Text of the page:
Canadian inventors hope innovations will land in golf bags and carts this season

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As with so many new products in golf, necessity was a driving factor for the Canadian inventors behind two innovations who hope their creations will find their ways into golf bags and carts this season.

Both the Clean Flight Golf ball washer and the Rake Caddy bunker rake were driven by changes to the game caused by the pandemic but have plenty of staying power to remain as the rules ease.

The Clean Flight Golf ball washer is a portable unit that allows players to get the dirt off their golf balls anywhere, at any time.

For as long as most players can remember, ball washers have been a fixture on the tees at many clubs. Your ball got dirty, you popped it into the insert in the handle, dropped it down into the water between the scrub brushes, and moved it up and down to get a clean golf ball.

That is, of course, as long as the units weren’t dry or didn’t smell as if they hadn’t been cleaned out in eons.

During the pandemic, most golf clubs removed ball washers, seeing them as a possible danger of transmission. A wet towel was all that was left.

At least, it was until Peter Bohlender and his friends came up with the idea for a portable ball washer. Together, the group created the Clean Flight Golf portable unit. It looks like a travel coffee mug, fits into the cup holder on your cart or clip to your bag, and operates just like a traditional unit.

“It does everything a golf ball washer, but it travels with you everywhere,” Bohlender said.

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So far, the reaction has been positive. There have been sales across Canada and the United States, with some now coming in from Australia. Orders have come from four more countries as word of the unit spreads.

The concept for the device came when Bohlender and his pals were playing on a course that doing some construction. That left a lot of mud that seemed to find its way onto the balls. With the regular ball washers gone, it was every player for himself in how to get the golf balls clean. That provided the genesis for the product.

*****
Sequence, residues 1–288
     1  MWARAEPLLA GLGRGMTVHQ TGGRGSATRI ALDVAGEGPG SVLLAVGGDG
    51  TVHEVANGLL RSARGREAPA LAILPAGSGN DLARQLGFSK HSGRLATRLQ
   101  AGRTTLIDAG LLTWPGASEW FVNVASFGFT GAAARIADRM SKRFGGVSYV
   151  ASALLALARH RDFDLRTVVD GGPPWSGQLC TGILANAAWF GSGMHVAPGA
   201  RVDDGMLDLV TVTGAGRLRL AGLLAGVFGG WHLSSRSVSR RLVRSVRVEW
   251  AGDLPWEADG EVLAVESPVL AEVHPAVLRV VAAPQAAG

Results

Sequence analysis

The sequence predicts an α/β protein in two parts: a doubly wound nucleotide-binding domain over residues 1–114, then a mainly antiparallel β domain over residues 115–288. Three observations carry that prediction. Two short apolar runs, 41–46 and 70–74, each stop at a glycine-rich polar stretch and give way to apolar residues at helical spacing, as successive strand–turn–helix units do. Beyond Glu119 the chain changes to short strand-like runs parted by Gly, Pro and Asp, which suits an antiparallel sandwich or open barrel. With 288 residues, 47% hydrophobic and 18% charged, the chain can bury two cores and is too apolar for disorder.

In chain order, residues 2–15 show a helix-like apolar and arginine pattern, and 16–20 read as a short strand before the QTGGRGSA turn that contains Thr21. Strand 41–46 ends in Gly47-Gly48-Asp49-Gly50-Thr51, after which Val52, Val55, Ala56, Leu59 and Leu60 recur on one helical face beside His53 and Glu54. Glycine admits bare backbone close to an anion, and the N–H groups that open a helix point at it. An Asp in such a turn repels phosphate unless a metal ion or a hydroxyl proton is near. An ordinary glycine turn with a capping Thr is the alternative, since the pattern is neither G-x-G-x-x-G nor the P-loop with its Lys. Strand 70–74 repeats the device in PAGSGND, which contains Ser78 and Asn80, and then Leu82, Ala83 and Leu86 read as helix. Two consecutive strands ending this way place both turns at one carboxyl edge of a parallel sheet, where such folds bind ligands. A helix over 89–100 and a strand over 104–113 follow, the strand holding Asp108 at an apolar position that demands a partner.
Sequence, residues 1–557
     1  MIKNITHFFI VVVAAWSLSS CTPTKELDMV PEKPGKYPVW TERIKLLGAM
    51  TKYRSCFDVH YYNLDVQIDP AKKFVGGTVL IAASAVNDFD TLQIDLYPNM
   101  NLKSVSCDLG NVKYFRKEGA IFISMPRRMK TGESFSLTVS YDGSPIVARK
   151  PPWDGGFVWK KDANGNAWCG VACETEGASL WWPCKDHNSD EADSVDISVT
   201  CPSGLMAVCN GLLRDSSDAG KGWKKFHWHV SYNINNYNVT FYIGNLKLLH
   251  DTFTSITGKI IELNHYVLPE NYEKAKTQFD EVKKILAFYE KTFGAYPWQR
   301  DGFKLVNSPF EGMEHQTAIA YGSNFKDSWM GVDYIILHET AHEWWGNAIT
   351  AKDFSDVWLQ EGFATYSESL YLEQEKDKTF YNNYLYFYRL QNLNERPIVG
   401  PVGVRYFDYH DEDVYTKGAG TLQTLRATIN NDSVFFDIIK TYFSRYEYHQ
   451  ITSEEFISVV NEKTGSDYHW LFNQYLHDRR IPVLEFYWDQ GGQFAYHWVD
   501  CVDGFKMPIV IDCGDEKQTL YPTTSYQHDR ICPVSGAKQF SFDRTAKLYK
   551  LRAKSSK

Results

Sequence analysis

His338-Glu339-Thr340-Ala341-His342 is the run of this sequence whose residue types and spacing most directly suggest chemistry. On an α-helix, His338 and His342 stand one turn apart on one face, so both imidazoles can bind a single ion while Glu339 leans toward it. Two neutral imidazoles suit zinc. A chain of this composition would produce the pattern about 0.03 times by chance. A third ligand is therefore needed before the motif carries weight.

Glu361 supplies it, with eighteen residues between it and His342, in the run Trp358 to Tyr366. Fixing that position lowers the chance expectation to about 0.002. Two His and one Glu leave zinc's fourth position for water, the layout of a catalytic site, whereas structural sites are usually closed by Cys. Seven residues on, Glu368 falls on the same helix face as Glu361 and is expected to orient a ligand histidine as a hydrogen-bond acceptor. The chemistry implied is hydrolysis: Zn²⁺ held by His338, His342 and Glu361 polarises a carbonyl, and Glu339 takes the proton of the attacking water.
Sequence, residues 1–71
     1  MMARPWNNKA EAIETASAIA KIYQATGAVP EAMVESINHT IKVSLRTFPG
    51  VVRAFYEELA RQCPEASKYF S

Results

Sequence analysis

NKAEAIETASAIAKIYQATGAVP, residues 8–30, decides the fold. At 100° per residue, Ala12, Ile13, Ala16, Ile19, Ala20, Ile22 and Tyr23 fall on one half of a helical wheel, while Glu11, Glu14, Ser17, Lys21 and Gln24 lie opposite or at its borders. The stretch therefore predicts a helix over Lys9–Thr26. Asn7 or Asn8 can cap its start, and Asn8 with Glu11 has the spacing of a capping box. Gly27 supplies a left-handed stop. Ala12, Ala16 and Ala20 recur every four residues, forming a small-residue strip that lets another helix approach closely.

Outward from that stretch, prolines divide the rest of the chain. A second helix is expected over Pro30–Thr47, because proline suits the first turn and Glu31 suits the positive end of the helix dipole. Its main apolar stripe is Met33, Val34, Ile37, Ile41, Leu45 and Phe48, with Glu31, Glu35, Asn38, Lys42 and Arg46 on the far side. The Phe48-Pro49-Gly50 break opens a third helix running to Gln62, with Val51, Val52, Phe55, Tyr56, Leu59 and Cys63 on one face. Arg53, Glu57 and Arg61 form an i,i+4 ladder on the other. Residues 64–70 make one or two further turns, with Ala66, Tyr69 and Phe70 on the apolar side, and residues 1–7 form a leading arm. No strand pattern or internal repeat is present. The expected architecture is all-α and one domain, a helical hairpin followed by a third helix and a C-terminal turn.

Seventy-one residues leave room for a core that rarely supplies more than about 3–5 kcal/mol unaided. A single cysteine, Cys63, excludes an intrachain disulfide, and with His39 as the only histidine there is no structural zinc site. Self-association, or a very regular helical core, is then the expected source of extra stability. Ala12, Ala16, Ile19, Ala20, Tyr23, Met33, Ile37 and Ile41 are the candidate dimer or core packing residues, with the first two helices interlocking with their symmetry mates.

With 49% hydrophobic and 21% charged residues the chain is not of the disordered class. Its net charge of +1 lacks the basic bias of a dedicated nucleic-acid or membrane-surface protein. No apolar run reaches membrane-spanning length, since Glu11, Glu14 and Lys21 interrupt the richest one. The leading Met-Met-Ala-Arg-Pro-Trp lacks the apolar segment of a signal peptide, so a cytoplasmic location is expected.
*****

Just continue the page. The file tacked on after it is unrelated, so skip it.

While some players have always used a towel, Bohlender said most of his friends preferred the heavy-duty scrub that came with the red-headed washers.

The Clean Flight Golf product does just that with a quick and easy scrub. Unscrew the lid, pop the ball into the slot and scrub it up and down. A bottle of cleaning agent is provided with each unit. As well, it’s more sanitary than the communal units that are returning to courses and no more waiting until the next tee to get a deep clean – the unit goes everywhere the players do.

The Clean Flight Golf units are sold in numerous pro shops, but most purchases so far are online from the company’s web site or via Amazon.

“So far, most of our sales are by word of mouth from satisfied customers,” Bohlender said. “Once people see it in use, they come to us looking for one for themselves.”

There’s been a similar reaction to the Rake Caddy, a personal bunker rake with an innovative design that lets players carry it unobtrusively in their bag.

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Ryan Curran, a golf professional, and Michael White, co-founder of the company, got together after a round of golf where Curran’s ball ended up in a footprint in a bunker. It was a frustrating experience caused by the removal of rakes on most courses during the pandemic.

“I know this sounds like a cliché, but he sketched out his idea on a napkin,” chuckled White of Curran’s design. “And then he was smart enough to get it patented.”

Each unit has an extendable handle, and the head features a pop-up mechanism that springs the two sides of the head out to usable width. It works just as easily in reverse.

The Rake Caddy, which is made in BC, is durable and will smooth out any mess in the sand, a process the founders have dubbed “sandscaping.”

While regular bunker rakes have made a return to many golf courses in recent months, White believes the Rake Caddy is still a better option for golfers.

“How many times do you hit it in the bunker and the rake is at the opposite end of where you are?” he stated. “This can really save time. You don’t have to go wandering around to find the rake. It’s also a lot more sanitary. ”

It could potentially also save money courses if they choose to eliminate rakes altogether. The cost of buying new rakes as well as the time it takes a worker to move all the rakes during the mowing process can be negated through the use of the Rake Caddy.

So far, the reaction has been positive. On display at the 2021 PGA Merchandise show, the Rake Caddy won the Innovator Spotlight Pinnacle Award for its design and practicality. The rakes can also be created with company logos printed on them, making them attractive as a tournament gift.

Up to this point, most sales have been through the company’s website although Curran and White are gradually contacting retail stores and pro shops.

Playing golf was one of the most popular activities during COVID-19, a safe haven that allowed people to get outside. If these two products are any indication, it’s also led to new ideas that may improve the golfing experience.

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